- Last week, Emily Hubley told me that some people up at WNET (previously WNDT), the local PBS chapter, saw this piece on my blog. They were hoping to get copies of the Hubley spots to show in celebration of their upcoming 50th anniversary. It’ll be great to see these films alive again.
Here’s my post on a couple of the films.
- One of my all time favorite pieces of Hubley animation was a station ID for WNDT-TV, New York’s public service station back in the 60′s. I thought of this spot last week when I posted the piece about Stanley Kaufman’s Art of Film for that station. It ultimately became WNET, NY’s PBS channel 13.
This spot was undoubtedly animated by Bill Littlejohn, and I think it’s one of his finest pieces. The timing is excellent. He obviously animated straight ahead; the characters distort and morph to the needs of the animation. It’s a full 2mins: 40 secs, so it would qualify as a short film these days,
The piece ran in B&W. It employed the multiple exposure technique. The characters had black paint filling everything but the animation drawing. This was double exposed over the BG, hence a see-through quality to the characters. This technique was used on Moonbird, The Hole, Of Stars and Men and several other Hubley shorts.
Here are some frame grabs of the spot.
The two guys come out on to the stage and take a bow.
I love how the shapes of the characters shift and distort and change throughout the piece always coming back to the original models. This is a sure sign of straight ahead animation, and it almost makes the acting feel like an improvisation exercise by two actors. It supercedes animation and becomes acting.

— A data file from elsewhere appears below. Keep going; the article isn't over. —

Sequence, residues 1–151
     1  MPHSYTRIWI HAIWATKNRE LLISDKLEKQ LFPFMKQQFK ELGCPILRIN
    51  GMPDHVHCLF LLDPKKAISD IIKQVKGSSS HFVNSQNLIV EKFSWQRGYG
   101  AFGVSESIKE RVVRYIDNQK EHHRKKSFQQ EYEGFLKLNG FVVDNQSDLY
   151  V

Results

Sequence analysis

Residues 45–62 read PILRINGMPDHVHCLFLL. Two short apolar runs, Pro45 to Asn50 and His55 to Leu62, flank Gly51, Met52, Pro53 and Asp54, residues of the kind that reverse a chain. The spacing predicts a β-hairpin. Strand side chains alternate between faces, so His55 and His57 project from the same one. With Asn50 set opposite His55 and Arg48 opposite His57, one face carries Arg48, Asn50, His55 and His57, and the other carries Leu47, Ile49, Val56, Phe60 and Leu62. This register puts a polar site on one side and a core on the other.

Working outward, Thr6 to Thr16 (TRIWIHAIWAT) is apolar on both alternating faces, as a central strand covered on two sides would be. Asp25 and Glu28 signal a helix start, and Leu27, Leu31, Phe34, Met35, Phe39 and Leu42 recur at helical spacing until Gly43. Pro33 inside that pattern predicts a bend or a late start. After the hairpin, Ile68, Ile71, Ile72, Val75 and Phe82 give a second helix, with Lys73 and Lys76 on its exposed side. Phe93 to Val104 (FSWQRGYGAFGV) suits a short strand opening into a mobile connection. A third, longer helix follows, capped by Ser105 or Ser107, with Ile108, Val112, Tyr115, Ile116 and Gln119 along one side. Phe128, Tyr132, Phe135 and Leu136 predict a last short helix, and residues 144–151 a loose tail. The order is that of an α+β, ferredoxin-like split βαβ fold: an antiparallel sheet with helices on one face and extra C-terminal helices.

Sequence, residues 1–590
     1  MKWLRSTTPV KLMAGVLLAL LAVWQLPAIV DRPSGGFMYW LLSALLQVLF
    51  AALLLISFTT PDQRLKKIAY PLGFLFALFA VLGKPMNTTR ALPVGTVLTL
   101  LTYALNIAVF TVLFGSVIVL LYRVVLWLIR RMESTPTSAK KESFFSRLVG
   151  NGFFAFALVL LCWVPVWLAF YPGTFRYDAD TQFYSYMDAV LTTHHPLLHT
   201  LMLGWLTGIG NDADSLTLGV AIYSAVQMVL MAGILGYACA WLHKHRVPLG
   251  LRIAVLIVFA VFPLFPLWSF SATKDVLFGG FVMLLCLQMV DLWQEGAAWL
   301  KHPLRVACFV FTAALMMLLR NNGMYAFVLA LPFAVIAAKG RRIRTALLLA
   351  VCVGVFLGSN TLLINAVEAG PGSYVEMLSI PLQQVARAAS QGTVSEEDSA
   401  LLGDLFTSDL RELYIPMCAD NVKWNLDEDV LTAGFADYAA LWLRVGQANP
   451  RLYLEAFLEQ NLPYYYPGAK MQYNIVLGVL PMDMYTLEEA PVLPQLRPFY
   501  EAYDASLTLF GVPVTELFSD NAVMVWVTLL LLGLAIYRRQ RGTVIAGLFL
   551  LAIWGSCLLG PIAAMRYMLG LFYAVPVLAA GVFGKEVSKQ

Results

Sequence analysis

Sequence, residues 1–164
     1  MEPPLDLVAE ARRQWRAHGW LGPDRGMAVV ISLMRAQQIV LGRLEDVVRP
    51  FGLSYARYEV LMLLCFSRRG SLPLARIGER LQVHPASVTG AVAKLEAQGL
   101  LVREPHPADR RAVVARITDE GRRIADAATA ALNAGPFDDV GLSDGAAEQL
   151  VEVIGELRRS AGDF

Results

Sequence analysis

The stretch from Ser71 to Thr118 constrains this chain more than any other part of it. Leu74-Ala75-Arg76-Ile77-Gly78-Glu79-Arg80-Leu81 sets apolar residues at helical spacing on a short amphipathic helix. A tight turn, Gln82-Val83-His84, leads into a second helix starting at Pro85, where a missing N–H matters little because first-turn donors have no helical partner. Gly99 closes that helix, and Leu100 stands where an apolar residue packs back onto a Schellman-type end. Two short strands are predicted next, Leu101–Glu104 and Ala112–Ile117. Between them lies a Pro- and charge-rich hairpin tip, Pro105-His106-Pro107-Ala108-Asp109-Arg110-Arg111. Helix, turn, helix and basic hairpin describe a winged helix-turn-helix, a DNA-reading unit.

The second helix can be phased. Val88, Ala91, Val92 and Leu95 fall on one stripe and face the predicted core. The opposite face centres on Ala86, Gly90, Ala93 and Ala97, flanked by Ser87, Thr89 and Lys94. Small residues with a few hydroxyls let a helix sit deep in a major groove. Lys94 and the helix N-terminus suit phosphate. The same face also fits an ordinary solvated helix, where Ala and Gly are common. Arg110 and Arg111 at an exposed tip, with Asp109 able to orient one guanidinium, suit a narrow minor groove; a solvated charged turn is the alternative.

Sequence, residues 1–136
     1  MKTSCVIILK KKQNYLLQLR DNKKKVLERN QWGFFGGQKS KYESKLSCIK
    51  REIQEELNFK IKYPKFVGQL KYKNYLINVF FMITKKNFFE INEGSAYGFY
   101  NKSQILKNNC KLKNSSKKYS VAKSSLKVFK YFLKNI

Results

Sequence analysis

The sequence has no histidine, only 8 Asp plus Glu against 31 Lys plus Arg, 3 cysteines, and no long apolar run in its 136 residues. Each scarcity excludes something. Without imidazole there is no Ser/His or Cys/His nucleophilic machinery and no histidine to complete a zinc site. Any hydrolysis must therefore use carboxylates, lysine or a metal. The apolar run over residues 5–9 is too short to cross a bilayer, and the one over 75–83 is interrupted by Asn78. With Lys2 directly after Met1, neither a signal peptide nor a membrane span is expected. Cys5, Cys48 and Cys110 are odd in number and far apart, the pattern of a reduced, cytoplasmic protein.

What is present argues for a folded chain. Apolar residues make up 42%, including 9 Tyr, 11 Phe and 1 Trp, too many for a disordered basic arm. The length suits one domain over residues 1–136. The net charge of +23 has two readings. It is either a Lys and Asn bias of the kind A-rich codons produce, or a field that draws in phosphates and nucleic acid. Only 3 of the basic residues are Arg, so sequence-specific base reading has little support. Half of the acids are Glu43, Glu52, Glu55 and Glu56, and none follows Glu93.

The obviously loose time of the piece shows that the animator was probably given a lot of leeway with his timing, and he took it. As I said, I have no proof that Bill Littlejohn animated it, but I’ve never doubted it for a moment. It’s certainly as much his style as it is Hubley’s.
That is the odd thing about working for a director with a strong personality. I remember the day that I looked at one of my drawings and realized that it looked like one of my drawings, but there was no doubt it was a Hubley. Something happens, and you just end up drawing in their style.
-Tissa David animated a lot of the Electric Company pieces for John Hubley. Hubley would design and write the spots, and he would get some real pros to do the tracks. In the case of this film, I believe it was the jazz legend, Billy Taylor, who wrote the music and did so for a number of Hubley’s Electric Co. films.
I’d like to post John Hubley’s LO drawings and follow it up with a few of Tissa’s animation drawings. John would usually do the loosest of layout drawings – usually in the presence of the animator as part of a discussion – and then hand it off to this person he trusted. Of course, the more he trusted the animator, the less he had to do in the LO.
In the case of this spot, Tissa received the following drawing. (That’s right ONE drawing.)
(If you click any the image, you’ll
reveal the full sized animation drawing.)
Enlarge the image, and you’ll notice tape marks and pin holes where Tissa attached it to her wall.
Here’s a short sequence of drawings done by Tissa. The missing mouths are on a separate level. This piece is built on reuse done artfully.
Here’s how the drawings looked when they were colored. They were colored on heavier paper. Sharpie outlines and marker coloring. The white background was all they used for the final. The animation carried the piece.
Finally, here’s a copy of the film found on YouTube: